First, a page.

My last published article in The National Herald stated that the world would be watching the work of the Council; and indeed, we have watched.  Reuters, the Associated Press and the New York Times as well as other newspapers around the world reported on the event.  Having tried to digest reports from around the world, I agree with the conclusion reached by Victoria Clark in her interesting book, “Why Angels Fall.”  The bishops have fallen from the “sublime ideal dreamed up in Byzantium,” because they cannot give up their parochial and nationalistic ways.  They are prisoners of history.  Some bishops still want to conceal their spiritual treasures from the world.  “That heinous religious nationalism with its persecution and martyr complexes and longing for death and suffering, that targeting of enemies and dangerous emotive habit of spinning pretty patterns from the past — mythologies instead of histories — will have to go.”  Symphonia was not what the bishops wanted; and therefore, the achievements of the Council were limited.  The bishops cannot even come to terms with the concept of consensus.  The Holy Spirit was hard pressed to be heard.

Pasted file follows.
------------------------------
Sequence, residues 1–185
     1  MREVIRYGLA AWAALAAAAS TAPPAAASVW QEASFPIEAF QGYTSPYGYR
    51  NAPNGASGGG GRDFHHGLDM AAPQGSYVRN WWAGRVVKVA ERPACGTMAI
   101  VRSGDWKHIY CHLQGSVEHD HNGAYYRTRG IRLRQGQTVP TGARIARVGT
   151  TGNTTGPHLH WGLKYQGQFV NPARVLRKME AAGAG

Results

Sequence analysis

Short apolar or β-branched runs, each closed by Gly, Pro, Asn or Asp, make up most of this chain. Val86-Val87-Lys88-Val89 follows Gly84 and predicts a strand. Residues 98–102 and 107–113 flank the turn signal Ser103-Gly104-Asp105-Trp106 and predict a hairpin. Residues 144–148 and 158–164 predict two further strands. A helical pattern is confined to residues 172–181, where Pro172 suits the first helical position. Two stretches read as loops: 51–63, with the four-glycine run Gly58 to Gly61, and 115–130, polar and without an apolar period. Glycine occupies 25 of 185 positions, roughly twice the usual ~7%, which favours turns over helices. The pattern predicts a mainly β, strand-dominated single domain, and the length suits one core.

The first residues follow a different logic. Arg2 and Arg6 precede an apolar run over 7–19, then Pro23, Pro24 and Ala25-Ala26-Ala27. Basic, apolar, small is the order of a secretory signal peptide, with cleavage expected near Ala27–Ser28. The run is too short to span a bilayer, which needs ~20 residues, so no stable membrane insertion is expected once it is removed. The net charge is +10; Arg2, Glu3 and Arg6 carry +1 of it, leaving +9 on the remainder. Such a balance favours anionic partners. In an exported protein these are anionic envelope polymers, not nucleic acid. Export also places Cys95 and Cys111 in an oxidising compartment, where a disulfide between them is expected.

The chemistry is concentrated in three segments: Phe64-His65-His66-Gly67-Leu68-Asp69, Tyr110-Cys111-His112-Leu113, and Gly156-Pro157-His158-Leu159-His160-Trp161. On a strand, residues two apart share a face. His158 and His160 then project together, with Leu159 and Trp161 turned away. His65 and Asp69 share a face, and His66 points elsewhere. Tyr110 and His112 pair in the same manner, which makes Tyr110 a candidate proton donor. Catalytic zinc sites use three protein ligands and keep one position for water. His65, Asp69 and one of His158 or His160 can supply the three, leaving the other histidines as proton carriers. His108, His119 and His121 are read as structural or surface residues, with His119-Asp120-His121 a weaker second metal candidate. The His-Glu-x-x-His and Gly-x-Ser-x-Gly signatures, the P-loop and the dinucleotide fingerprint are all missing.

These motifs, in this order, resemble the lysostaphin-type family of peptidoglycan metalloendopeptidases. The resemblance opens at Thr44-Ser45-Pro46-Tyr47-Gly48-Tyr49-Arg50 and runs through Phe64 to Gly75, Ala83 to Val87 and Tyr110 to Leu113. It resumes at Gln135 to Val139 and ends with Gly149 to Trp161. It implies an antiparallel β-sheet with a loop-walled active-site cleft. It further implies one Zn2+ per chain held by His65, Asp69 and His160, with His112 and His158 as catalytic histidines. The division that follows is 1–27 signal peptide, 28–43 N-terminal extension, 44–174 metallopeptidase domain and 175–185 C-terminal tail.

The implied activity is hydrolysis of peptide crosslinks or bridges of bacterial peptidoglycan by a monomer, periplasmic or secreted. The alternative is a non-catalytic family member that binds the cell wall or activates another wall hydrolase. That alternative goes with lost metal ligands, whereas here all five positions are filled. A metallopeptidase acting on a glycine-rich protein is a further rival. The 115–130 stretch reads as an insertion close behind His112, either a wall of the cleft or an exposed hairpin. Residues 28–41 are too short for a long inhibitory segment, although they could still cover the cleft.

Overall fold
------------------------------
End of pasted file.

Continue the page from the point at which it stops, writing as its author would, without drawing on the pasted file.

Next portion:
It is time for others to come forth to move the Church forward.  In the lands outside the traditional Orthodox nations, it is necessary for the laity to move forward together in all the parallel jurisdictions to help the bishops move ahead.   The situation in these land is uncanonical, and the “new ecclesiology” of trying to rationalize the ethnic, national point of view to keep the Church in a colonial state is unacceptable.  Our faithful keep walking away.  Some archdioceses have lost 38 percent of their stewards in 20 years.  The divide and conquer strategies of the Patriarchates is not working in nontraditional Orthodox lands.  It is time to create autocephalous Churches in the USA, Europe, Canada and Australia. New ethnic Metropolitanates  in these lands are not a solution and will not work.  The laity must stop being enablers of what does not work.  In the USA, we need to see how we can work to bring more of those leaving to transfer to the Orthodox Church in America (OCA).  The Council called for the continuing work of resolving these discrepancies within the “diaspora” Churches.  Let us hope that the gauntlet is picked up by our hierarchs with layperson involvement in the USA and around the world.  It is our duty and responsibility to help the hierarchs move forward.